Dogwood Anthracnose and its Spread in the South

In the 15 years since it was first reported in the United States, dogwood anthracnose (caused by Discula destructive sp. nov.) has spread rapidly and caused serious losses among flowering dogwoods (Cornus florida L.), particularly in the South. Infection begins in leaves and spreads to twigs and branches, which die back. Main-stem infections cause cankers, which kill the trees. In the South, infection is most likely at higher elevations and on moist to wet sites. Shade increases risk of infection and mortality. High-value trees can be protected by mulching, pruning, and watering during droughts, and applying a fungicide.

Dogwoods for American Gardens

Seventeen species of dogwood are native to the United States, with about 50 throughout the northern hemisphere of the world. The familiar species we call “flowering dogwood,” Cornus florida, is related to many others. This publication discusses those of ornamental value.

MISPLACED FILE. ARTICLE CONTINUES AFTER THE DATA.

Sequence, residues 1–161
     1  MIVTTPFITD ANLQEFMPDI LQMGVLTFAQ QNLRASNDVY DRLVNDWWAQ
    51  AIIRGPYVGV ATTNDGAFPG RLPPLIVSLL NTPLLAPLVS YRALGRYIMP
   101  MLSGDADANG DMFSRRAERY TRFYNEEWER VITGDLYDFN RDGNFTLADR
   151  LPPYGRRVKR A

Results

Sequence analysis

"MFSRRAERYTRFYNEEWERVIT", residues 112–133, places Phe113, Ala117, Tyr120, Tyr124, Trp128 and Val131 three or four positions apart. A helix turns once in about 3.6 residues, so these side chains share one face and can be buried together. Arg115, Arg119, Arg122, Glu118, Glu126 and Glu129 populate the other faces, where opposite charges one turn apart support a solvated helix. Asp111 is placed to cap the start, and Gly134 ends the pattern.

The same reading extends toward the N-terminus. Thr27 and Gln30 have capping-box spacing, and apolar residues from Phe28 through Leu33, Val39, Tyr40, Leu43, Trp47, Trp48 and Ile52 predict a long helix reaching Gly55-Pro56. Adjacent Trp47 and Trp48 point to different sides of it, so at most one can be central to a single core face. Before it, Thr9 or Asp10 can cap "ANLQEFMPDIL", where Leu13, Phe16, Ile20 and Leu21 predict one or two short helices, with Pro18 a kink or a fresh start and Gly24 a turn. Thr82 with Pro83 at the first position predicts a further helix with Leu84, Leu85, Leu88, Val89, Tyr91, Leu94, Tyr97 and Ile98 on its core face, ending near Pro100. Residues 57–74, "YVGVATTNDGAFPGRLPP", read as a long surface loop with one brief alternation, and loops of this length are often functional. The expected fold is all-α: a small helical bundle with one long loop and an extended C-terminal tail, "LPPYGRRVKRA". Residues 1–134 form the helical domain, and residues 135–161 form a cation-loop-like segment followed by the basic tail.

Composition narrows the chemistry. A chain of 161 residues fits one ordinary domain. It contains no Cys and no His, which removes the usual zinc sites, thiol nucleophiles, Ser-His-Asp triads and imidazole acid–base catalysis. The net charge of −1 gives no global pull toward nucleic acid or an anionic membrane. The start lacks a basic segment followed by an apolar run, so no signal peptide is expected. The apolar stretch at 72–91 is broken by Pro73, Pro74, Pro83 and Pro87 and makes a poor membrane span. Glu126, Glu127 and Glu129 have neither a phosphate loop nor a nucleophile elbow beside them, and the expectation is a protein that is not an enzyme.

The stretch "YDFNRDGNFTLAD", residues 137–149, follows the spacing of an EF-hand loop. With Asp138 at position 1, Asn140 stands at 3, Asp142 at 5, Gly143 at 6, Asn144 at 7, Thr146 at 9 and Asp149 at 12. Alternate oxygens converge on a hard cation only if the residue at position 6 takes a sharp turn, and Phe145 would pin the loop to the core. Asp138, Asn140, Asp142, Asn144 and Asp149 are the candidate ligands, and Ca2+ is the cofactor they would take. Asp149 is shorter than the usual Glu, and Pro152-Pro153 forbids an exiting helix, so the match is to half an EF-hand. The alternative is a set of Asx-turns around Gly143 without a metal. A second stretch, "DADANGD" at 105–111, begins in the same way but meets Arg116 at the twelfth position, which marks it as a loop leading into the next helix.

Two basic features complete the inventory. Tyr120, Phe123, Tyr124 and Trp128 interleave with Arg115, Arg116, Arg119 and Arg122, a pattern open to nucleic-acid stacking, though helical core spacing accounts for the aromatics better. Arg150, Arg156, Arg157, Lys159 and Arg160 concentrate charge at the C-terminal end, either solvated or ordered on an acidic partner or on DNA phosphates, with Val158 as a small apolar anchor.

Growing and Maintaining Healthy Dogwoods

The natural range of dogwoods extends from Maine to the Gulf of Mexico. The trees color cities and countrysides white with dazzling displays in the early spring. Although they are most spectacular in spring, part of the attraction of dogwoods lies in their year-round beauty. They are truly a four-season plant, displaying rich green luster in the summer followed by deep red leaves in the fall. Bright red clusters of seeds decorate the tree in the winter months.

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